Virginia Foundation of the Humanities founder Robert C. Vaughan III receives Robin Goodfellow Award
In 1989, American Shakespeare Center co-founders Ralph Alan Cohen and Jim Warren found their way into Robert Vaughan’s office with a freshly minted 501 (c)(3) non-profit status in hand.
They left with a $12,000 grant and a blueprint for a two-week seminar, Bringing Shakespeare Home, for high school teachers on using performance to teach Shakespeare. “In acknowledging the worth of our work, it showed that someone else believed in us and it made us confident in a future that led to the ASC’s Blackfriars Playhouse,” says Cohen.
In recognition of Vaughan’s contributions to the ASC and the Commonwealth of Virginia, the American Shakespeare Center presented him the prestigious Goodfellow Award at the Annual Gala on September 23. The Goodfellow Award, named after the character Robin Goodfellow (Puck) in Shakespeare’s A Midsummer Night’s Dream, is given annually to a person whose contributions to the American Shakespeare Center have been fundamental to the mission of making the joys of Shakespeare accessible to all.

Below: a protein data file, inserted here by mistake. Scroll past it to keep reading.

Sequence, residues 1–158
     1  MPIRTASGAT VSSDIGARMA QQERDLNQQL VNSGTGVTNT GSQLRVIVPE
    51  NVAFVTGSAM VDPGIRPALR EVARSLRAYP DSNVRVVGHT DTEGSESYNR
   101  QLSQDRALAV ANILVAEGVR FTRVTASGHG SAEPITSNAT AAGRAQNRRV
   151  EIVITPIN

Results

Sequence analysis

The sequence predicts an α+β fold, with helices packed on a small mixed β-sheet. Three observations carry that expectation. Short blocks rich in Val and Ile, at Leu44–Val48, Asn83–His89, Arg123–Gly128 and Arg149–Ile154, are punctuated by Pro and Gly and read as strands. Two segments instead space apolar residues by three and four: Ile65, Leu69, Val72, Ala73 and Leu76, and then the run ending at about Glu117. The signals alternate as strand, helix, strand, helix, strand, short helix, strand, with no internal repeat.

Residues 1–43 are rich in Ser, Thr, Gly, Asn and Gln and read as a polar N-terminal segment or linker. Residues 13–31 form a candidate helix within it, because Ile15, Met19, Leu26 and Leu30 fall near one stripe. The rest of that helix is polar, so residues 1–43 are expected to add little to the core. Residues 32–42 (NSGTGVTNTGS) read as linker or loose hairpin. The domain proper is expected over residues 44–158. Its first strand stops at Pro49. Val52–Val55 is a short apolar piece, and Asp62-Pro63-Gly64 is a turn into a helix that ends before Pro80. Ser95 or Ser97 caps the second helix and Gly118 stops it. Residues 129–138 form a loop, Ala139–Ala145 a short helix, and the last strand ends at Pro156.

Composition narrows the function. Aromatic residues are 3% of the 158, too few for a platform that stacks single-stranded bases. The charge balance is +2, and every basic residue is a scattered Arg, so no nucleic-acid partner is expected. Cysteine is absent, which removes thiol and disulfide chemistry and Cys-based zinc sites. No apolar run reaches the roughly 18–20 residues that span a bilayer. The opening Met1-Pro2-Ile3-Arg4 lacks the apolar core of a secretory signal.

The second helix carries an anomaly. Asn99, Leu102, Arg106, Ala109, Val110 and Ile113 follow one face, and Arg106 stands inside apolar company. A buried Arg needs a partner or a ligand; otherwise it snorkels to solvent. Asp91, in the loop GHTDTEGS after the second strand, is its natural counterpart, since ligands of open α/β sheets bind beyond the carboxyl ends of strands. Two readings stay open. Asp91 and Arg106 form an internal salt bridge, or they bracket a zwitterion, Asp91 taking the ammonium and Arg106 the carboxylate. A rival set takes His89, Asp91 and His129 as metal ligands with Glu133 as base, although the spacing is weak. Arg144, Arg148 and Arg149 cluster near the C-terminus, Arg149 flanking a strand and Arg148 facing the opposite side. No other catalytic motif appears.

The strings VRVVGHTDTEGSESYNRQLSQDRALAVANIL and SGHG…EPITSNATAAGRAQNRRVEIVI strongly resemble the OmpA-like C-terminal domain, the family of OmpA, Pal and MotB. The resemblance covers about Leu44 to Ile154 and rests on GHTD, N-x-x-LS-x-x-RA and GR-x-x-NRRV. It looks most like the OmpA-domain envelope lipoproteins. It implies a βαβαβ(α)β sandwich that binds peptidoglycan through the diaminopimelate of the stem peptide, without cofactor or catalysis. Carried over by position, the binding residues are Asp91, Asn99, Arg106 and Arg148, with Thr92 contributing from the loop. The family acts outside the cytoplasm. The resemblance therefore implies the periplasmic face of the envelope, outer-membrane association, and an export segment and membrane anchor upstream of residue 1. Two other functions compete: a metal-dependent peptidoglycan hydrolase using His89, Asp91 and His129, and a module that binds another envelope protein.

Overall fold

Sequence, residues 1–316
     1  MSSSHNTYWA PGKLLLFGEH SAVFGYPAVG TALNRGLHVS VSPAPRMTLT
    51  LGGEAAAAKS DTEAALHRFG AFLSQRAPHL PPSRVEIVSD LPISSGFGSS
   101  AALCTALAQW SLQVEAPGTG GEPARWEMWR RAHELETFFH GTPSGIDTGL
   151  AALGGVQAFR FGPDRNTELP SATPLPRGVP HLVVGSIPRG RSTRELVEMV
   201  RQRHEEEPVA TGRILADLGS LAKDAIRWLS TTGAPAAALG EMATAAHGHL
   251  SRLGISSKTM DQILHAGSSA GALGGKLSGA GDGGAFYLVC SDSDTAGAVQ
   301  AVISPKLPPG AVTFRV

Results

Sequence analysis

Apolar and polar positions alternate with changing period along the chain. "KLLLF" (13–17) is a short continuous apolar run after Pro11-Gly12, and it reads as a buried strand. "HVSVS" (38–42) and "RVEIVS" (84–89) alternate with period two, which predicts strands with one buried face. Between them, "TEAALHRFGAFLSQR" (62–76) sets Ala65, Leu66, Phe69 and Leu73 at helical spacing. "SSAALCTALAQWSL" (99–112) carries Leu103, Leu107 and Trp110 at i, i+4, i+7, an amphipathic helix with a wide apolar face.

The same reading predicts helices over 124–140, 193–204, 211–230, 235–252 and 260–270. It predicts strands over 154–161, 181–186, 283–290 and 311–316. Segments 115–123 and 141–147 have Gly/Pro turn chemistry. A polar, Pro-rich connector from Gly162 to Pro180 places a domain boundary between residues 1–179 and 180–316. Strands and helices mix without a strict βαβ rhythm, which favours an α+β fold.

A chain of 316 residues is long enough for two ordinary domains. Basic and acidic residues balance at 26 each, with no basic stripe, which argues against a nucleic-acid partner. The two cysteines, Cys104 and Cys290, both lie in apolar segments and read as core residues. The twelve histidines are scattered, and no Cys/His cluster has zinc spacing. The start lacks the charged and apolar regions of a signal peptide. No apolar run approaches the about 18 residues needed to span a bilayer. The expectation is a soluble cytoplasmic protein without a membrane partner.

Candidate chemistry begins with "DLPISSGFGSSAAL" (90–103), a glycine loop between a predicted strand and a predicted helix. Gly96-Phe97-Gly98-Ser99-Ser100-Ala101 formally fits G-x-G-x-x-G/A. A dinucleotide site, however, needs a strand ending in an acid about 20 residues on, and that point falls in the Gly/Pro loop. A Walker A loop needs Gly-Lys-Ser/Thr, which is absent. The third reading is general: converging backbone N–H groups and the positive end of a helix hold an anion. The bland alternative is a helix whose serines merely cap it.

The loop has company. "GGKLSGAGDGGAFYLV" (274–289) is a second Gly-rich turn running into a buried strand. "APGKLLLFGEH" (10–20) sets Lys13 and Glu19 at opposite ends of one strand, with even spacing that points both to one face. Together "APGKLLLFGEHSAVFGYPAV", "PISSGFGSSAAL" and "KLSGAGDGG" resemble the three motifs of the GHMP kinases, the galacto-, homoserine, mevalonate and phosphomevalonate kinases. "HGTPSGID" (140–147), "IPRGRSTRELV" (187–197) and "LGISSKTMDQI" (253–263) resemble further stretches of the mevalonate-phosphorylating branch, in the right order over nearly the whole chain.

Rob Vaughan is founding president and CEO of Virginia Foundation for the Humanities, founding director of the South Atlantic Humanities Center, and a member of the faculty of the University of Virginia where he has taught for 35 years in the College of Arts and Sciences (English) and in the Darden School (MBA and Executive Education Programs). Rob is a former chairman of the national Federation of State Humanities Councils and a past president of Piedmont Council for the Arts. He has served as a member of the boards of the Library of Virginia, APVA-Preservation Virginia and its Executive Committee, the Charlottesville Oratorio Society, the University of Utah Humanities Center, the National Coordinating Committee for the Commemoration of the 250th Anniversary of Thomas Jefferson’s Birth, and the Program Committee for Jamestown 1607 – 2007. Most recently, Rob received the Founding Cville award from Tom Tom Founders Festival (2014), the President’s Award from Preservation Virginia (2015), and a Doctor of Humane Letters degree from Washington and Lee University (2016).
“Historians will say that Rob made Virginia a better place than he found it,” said Cohen while presenting the award. “Not because he gave out money, but because of how he found ways to give that money to the widest array of people whose projects would make the world more humane.”